2 Stars:  Disturbing

That a person can be brainwashed was shown by the experiments North Korea performed on prisoners of war during the Korean conflict.  Deprived of food and sleep, controlling every breath and hope, it was discovered that many of us could be broken and come under another’s control, forced to do and say things that are not of our own choosing.  This fact captured both the imagination and fear of the world, and inspired Richard Condon to write a novel in which a whole platoon of American soldiers are brainwashed in the Korean conflict and John Frankenheimer to put it on film.

            In Jonathan Demme’s remake, the setting has changed to the Gulf War, and the way the men are brainwashed now includes computerized implants imbedded into the brain and back.  This is necessary because we now know that the fears of being brainwashed that swept the world after the Korean conflict were unfounded.  A person cannot control another others once they are out from under that person’s direct control.  So in this film, the common abduction myth of imbedding implants has become the tool of greedy corporations and ambitious politicians.

            The main character is the wealthy son of two U.S. Senators, Raymond Shaw (Live Schrieber).  Having lost his father, Raymond rebels against his controlling and ambitious mother by enlisting in the service.  Sent to the Gulf War he receives a Congressional Medal of Honor for heroically saving his platoon when they are ambushed.  At least, that is what he and his fellow soldiers think they remember happening.

            Ben Marco (Denzel Washington) was the Captain of the group and is haunted by dreams of something very different: a mobile medical facility where he and his men are drugged, operated on and forced to murder two of their own men. 

            At first, Marco does not believe that his dreams are real.  But when others of his platoon begin sharing their similar dreams, it becomes clear that everything is not as it appears.

            The power of the film rests in two other fears besides that of mind control.  The first is our fear of multinational corporations who manipulate not only economies and governments, but also the minds of people.  The Manchurian corporation is an arms provider who is attempting to place into the U.S. Presidency a man under their control, the senator’s son Raymond Shaw.  As a war-decorated veteran with strong political ties, the political process is manipulated in such a way that he will come into office and they can control the nation through him.  This takes the fear of “special interest groups” to a whole new level.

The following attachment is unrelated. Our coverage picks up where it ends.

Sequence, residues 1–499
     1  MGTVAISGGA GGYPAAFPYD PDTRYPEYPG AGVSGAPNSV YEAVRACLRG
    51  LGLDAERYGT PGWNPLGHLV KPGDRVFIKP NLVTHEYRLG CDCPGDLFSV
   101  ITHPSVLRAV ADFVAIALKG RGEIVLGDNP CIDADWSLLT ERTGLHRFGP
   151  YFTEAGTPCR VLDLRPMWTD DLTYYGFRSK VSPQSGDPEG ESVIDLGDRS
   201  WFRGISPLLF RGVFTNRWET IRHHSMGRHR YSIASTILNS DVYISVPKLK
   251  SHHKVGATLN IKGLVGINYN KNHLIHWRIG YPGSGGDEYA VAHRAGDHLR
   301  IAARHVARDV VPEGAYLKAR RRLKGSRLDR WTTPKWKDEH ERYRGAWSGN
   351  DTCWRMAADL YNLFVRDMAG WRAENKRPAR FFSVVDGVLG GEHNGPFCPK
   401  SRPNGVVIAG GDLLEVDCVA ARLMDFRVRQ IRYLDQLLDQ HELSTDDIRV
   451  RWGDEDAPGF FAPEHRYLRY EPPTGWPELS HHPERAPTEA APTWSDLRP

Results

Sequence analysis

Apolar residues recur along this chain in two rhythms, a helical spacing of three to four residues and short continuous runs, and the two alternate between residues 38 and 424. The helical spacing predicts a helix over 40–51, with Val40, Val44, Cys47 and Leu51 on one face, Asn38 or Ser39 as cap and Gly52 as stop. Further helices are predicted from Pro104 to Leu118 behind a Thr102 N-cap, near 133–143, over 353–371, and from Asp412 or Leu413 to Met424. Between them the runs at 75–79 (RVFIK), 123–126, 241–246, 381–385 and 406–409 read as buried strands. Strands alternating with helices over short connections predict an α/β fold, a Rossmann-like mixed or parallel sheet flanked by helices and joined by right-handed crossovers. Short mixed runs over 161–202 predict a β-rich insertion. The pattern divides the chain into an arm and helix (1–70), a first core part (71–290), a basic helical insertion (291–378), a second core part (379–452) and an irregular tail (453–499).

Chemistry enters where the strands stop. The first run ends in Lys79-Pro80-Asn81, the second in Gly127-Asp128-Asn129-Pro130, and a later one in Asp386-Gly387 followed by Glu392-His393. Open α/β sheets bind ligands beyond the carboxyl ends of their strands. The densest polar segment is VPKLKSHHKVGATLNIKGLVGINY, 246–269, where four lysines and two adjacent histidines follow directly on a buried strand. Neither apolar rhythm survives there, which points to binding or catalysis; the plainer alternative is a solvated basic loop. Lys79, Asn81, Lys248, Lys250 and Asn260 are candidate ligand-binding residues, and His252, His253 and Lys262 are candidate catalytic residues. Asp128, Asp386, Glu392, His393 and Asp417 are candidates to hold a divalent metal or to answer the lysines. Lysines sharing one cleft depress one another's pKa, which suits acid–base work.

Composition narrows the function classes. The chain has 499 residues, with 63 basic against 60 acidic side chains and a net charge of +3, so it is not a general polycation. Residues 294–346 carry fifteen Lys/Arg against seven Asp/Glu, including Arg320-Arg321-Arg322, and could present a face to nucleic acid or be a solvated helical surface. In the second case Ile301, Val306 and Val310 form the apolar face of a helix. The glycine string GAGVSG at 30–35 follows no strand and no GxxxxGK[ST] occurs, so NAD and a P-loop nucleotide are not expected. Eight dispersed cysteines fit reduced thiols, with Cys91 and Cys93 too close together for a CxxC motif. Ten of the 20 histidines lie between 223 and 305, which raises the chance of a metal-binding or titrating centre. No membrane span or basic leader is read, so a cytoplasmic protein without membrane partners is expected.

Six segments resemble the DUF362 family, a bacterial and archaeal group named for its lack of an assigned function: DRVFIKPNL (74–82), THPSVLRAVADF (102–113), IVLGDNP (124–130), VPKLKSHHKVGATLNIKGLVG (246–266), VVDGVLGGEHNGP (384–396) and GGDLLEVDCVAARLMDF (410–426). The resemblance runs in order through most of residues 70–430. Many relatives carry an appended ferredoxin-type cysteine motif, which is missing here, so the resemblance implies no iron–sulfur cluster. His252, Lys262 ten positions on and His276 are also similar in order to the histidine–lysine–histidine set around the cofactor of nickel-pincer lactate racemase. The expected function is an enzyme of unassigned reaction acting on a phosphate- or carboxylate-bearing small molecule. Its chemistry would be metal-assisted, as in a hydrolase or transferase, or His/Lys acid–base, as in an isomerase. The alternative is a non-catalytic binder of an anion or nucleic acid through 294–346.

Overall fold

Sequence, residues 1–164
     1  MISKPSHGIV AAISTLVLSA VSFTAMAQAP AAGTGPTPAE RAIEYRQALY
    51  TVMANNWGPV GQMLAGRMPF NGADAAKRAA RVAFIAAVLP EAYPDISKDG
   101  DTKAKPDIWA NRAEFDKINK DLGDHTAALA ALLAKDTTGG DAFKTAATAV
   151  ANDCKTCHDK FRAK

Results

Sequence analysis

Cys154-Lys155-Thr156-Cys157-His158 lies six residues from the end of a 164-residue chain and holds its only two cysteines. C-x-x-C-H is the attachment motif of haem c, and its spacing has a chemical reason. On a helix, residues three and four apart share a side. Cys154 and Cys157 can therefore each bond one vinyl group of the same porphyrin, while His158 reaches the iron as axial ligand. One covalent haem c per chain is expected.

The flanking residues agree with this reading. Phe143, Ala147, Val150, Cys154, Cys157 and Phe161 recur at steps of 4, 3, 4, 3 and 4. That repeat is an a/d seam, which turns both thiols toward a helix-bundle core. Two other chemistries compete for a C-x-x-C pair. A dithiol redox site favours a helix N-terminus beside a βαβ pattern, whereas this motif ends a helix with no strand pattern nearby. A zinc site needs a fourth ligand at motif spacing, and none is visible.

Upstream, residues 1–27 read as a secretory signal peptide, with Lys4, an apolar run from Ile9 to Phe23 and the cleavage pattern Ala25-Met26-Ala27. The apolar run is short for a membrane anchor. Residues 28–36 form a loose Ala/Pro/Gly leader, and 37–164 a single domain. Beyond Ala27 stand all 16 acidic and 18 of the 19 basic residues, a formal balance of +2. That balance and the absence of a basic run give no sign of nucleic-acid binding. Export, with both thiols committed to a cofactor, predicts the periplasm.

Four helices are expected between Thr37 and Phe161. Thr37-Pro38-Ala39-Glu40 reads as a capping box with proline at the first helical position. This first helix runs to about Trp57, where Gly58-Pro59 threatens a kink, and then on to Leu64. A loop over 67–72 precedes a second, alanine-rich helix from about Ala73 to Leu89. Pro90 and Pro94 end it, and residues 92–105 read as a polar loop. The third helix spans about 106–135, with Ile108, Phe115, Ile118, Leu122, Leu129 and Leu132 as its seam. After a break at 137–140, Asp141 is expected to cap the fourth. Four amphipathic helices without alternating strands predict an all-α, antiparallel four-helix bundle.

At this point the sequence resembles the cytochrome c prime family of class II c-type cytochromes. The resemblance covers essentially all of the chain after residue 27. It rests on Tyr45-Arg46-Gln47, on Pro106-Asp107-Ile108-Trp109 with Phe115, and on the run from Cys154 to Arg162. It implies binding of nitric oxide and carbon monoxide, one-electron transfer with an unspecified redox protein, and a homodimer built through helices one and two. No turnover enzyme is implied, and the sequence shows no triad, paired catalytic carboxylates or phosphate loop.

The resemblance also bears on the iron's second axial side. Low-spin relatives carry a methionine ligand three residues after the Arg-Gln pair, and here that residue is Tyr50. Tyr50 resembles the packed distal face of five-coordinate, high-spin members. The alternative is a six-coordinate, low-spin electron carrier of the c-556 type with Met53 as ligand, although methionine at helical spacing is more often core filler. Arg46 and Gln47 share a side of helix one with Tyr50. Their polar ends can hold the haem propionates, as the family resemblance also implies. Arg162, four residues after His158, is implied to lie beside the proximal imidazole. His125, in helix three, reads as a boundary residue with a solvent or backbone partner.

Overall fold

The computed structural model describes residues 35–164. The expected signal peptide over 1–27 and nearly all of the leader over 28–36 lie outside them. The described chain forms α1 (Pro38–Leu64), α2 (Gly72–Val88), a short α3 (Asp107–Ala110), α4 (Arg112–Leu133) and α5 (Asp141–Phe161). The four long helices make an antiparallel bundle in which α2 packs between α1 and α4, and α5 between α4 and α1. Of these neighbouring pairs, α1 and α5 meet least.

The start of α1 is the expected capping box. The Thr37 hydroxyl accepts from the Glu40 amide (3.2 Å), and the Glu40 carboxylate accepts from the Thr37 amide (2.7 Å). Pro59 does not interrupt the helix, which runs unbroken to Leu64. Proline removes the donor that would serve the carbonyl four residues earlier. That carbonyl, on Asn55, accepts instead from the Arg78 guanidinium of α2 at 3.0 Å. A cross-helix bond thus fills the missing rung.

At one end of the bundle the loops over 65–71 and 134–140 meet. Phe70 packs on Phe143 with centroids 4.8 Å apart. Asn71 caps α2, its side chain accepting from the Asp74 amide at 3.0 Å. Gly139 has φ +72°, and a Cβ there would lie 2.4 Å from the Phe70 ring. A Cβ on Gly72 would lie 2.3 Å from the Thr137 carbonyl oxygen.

The second fear is that of a pathologically controlling mother.  Playing on the primal fear that mothers can “get inside our heads,” the film shows Raymond’s mother, Senator Eleanor Shaw (Meryl Streep) as cooperating with the Manchurian corporation and offering her son to them for mind control, not only so she can reach her political ambition, but also so she can “have her son back.”  This incestual power-grab is repulsive and strikes a discordant note within the film while at the same time strumming the deeper primal chords within us.

            Disturbing in both its manipulation of our fears and the manipulation it suggests could be possible in our world, “The Manchurian Candidate” is a psychological thriller that is hard to enjoy.



  1. The manipulation of our fears is similar to the suggested manipulation of our minds in this film.  How much do you believe subliminal manipulation is a part of our media?
  2. The fear that we could have a President who is under the control of “special interest” groups has caused reform in our campaign contribution process.  Do you believe there are other ways in which a politician can be under someone else’s control?
  3. Do you find yourself believing that there are officers of corporations who would do what the Manchurian officers do in this film, or do you believe most corporate officers are good people?
  4. What do you think caused Raymond Shaw to position himself in such a way that he and his mother are killed?  If he was not completely under the control of the implant, then why did he kill the only woman he ever loved, Jocelyn Jordon (Vera Farmiga)? 
Posted on June 1, 2011 and filed under 2 STARS, DISTURBING.